Drug Violations Increasing Among Commercial Truck Drivers
To help reduce the number of commercial truck drivers driving under the influence of drugs in Washington or other parts of the United States, the Federal Motor Carrier Safety Administration created a Drug and Alcohol Clearinghouse. The clearinghouse is essentially a database that tracks drug violations received by commercial truckers. It also keeps them from driving again until they take certain steps to better themselves.
According to ESR Check, clearinghouse findings reveal that drug abuse is on the rise in the industry. The number of trucker drug violations logged in the clearinghouse increased by almost 13% between the first eight months of 2020 and the first eight months of 2021.
Truckers and The Abuse of Marijuana
Most commercial truck drivers who test positive for drugs test positive for marijuana. Between January and August of 2020, American truckers received 18,252 marijuana-related drug violations. During that same stretch the following year, there were 21,438 marijuana violations received by truck drivers.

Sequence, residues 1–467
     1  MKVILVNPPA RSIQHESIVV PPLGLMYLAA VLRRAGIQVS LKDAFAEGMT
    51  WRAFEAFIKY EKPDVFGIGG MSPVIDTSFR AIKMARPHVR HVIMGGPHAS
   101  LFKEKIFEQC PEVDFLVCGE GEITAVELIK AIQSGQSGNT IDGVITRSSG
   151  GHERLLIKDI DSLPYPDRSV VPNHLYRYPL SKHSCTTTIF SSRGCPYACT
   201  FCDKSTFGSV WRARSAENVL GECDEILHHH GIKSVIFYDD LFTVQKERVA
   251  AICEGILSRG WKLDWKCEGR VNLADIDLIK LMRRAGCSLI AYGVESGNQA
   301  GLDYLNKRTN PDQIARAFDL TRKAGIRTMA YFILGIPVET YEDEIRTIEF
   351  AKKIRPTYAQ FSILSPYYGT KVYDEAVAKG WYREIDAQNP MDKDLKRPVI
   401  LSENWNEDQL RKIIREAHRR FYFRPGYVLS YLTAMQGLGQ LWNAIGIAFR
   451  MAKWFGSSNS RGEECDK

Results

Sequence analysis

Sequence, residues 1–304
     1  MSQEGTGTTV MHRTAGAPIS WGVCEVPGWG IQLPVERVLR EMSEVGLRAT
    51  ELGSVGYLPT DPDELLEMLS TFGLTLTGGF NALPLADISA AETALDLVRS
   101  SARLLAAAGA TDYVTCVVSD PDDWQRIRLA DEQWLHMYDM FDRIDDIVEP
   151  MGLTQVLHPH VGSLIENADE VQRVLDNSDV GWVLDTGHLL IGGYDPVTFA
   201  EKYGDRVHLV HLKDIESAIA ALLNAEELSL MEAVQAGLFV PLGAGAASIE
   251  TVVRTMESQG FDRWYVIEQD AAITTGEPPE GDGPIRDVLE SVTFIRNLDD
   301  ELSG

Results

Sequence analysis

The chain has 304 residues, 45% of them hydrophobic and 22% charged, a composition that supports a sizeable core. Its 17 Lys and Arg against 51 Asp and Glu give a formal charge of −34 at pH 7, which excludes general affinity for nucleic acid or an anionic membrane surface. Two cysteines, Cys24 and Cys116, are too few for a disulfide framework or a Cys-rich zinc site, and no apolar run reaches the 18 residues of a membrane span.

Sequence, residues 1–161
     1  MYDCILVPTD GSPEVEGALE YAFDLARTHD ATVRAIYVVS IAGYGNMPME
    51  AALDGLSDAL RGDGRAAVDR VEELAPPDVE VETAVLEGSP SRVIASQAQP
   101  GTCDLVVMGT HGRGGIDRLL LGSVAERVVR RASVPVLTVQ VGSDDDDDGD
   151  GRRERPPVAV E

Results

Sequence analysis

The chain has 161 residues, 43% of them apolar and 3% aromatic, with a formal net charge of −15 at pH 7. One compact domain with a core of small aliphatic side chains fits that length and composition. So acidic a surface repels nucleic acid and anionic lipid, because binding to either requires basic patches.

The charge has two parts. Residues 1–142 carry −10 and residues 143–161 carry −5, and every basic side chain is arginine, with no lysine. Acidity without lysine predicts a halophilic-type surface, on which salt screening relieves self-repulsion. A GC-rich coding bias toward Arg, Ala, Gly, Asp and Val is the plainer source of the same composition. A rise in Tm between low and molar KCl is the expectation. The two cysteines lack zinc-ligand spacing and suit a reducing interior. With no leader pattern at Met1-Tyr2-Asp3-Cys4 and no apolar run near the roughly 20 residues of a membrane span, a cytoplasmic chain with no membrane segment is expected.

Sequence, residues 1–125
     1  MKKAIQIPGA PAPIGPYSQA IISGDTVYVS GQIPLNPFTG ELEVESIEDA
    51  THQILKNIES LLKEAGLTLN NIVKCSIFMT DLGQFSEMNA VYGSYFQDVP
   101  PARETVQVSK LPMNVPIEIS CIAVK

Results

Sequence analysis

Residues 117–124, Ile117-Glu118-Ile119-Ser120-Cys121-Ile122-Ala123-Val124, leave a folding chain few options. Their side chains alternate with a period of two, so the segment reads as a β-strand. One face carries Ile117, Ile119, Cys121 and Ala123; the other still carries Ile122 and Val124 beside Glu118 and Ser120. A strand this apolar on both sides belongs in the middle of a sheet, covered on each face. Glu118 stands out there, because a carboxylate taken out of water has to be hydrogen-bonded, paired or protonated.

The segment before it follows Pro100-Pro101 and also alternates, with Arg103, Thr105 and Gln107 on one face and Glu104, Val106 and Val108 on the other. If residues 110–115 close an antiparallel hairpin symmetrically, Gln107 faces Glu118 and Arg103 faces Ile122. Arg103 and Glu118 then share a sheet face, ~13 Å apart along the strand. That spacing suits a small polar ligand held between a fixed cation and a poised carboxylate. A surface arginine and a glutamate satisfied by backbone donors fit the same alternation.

Truckers and The Abuse of Cocaine, Methamphetamine
Truck drivers’ use of cocaine and methamphetamines also rose during this stretch. Truck driver cocaine violations increased from 5,233 between January and August of 2020 to 5,913 between January and August of 2021. As far as methamphetamine violations, truck drivers received 3,379 in the first eight months of 2020 and 3,526 during the first eight months of 2022.
When truckers have drug offenses listed in the clearinghouse, they become unable to drive for a living until they take certain steps. Truck drivers have to follow a specific return-to-duty protocol before they may begin driving again professionally.